An unusually powerful storm, complete with howling gales, downpours, and deep snow, made December an exceptionally wet month, with some areas getting nearly an entire winter’s worth of rain in the space of just a few days, according to an Israel Meteorological Service report released on Wednesday.
The wettest place in the country was Kibbutz Or HaNer in Israel’s southwest that saw 464 millimeters (18 inches) of rain during the month of December. Jerusalem was drenched with 270 mm, 250 mm washed down on Tel Aviv, and Haifa weathered 192 mm of rain. In the capital, the precipitation included nearly 50 centimeters (20 inches) of snow.
Most rain fell along the southern coastal areas, which saw an average of 300-400 mm, a figure that is three to four times the annual average for December and nearly equal to the region’s entire average rainfall for the winter.
Likewise, the northern Negev desert region saw three to four times its average for December with 200-250 mm of rain. The central mountain regions saw 250-320 mm of rain, nearly three times the December average.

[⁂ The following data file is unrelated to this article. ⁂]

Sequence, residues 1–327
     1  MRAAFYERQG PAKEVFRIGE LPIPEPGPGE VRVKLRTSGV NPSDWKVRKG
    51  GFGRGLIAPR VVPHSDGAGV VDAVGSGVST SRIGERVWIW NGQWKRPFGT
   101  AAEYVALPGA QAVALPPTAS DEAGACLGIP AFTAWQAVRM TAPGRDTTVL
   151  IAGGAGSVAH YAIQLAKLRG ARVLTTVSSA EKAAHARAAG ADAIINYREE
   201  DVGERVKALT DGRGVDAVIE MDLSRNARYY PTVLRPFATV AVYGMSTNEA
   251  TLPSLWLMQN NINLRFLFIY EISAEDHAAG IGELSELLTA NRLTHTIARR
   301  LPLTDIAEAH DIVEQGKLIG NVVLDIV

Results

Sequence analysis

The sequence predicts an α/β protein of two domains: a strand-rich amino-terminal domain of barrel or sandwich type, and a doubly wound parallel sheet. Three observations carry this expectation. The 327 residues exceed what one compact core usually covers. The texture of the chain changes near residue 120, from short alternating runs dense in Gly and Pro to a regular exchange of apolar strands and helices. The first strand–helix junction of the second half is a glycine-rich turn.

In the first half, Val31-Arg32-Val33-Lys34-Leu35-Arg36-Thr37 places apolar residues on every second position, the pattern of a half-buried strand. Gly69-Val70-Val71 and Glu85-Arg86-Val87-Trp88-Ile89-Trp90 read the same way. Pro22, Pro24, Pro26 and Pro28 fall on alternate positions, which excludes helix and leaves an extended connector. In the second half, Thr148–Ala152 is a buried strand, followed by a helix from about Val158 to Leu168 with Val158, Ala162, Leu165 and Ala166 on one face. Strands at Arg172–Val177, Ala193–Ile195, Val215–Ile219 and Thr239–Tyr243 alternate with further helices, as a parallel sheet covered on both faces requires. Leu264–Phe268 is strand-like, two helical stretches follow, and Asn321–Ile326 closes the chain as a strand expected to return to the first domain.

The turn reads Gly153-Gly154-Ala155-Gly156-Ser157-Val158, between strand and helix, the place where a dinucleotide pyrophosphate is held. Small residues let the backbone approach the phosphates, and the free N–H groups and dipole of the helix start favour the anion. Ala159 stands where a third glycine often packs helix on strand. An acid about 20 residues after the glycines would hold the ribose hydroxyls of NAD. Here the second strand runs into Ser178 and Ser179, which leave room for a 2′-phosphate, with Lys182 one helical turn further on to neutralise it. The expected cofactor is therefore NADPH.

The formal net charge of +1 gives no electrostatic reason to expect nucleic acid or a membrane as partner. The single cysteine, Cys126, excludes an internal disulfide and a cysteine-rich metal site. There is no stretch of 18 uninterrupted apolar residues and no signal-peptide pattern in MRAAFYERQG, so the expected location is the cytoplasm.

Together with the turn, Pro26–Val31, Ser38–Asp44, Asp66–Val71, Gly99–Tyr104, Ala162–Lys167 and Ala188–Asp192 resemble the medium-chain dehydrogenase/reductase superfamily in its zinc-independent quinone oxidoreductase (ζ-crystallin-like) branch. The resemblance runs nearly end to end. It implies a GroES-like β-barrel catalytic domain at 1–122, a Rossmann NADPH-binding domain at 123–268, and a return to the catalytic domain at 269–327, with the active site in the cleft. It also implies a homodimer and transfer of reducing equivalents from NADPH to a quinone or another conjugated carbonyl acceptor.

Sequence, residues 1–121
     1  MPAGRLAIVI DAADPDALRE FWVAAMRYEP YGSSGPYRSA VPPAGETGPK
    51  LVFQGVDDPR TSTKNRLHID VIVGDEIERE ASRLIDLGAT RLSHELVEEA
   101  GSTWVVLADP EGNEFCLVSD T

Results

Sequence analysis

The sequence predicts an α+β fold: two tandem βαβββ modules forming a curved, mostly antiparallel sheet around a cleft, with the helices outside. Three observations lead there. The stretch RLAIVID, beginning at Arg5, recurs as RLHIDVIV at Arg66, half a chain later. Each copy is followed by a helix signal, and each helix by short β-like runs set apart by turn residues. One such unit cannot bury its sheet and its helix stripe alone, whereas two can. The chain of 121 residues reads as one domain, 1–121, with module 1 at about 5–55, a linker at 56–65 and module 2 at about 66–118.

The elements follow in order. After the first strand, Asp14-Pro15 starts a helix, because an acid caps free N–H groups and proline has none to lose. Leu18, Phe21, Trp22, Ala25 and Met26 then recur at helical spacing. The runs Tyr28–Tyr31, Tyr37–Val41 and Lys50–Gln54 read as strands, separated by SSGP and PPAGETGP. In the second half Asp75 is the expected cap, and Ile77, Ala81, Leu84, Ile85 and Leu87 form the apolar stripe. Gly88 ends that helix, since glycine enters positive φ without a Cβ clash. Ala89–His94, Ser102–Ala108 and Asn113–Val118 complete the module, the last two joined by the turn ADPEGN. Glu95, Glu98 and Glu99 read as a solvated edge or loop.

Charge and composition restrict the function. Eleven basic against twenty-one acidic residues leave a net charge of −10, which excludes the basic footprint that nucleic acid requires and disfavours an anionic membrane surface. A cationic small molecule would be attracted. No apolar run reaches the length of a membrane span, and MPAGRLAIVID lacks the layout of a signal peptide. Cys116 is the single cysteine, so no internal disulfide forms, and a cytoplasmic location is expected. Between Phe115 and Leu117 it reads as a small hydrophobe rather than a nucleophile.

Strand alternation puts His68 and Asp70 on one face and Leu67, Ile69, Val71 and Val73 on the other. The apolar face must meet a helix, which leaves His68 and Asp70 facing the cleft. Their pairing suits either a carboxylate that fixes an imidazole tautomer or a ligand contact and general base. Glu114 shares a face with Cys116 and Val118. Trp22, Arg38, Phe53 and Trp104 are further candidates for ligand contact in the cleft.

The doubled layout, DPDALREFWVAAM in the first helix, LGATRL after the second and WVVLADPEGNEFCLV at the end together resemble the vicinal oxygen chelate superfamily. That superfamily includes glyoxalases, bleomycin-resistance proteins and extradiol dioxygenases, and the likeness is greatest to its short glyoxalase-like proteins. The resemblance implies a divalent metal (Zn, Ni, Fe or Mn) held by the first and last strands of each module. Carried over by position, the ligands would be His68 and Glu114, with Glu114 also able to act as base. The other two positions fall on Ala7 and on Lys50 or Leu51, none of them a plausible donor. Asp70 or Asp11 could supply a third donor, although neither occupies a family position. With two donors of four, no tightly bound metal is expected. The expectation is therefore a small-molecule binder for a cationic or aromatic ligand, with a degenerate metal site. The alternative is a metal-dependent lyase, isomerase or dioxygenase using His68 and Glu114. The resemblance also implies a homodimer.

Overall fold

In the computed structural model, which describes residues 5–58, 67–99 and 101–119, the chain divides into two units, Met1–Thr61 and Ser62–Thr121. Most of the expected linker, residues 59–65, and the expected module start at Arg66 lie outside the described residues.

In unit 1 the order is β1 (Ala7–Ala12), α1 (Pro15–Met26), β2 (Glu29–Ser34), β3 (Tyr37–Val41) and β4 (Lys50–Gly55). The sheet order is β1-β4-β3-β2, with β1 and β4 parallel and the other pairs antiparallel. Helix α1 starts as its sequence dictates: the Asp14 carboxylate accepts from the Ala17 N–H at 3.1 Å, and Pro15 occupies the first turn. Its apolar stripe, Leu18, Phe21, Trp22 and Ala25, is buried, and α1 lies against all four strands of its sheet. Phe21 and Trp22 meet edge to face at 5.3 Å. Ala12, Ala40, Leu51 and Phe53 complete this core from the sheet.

An unusually parched November was followed by an unseasonably hot start to December with some areas seeing temperatures as high as 30°C (86°F), raising fears of a serious shortage in annual rainfall. However, a few days into the month a heavy storm began, with torrential rain and high winds, followed a week later by the most snow the country has seen since 1992. The elements wrought widespread flooding and damage with closed roads and downed power lines, and left some communities, including the capital Jerusalem, cut off from electricity for extended periods.
The damage caused by the storm was assessed at over NIS 120 million ($34 million), according to Israel Radio. Officials from the Finance Ministry said at the time that the Treasury would look into covering some of the costs incurred by municipalities in dealing with the consequences of the storm, such as floods and damage to infrastructure. Agricultural damage was put at NIS 100 million.
The damage shocked authorities and prompted several Knesset committees to hold special meetings last month to examine the country’s preparedness for severe winter weather at various local and national levels.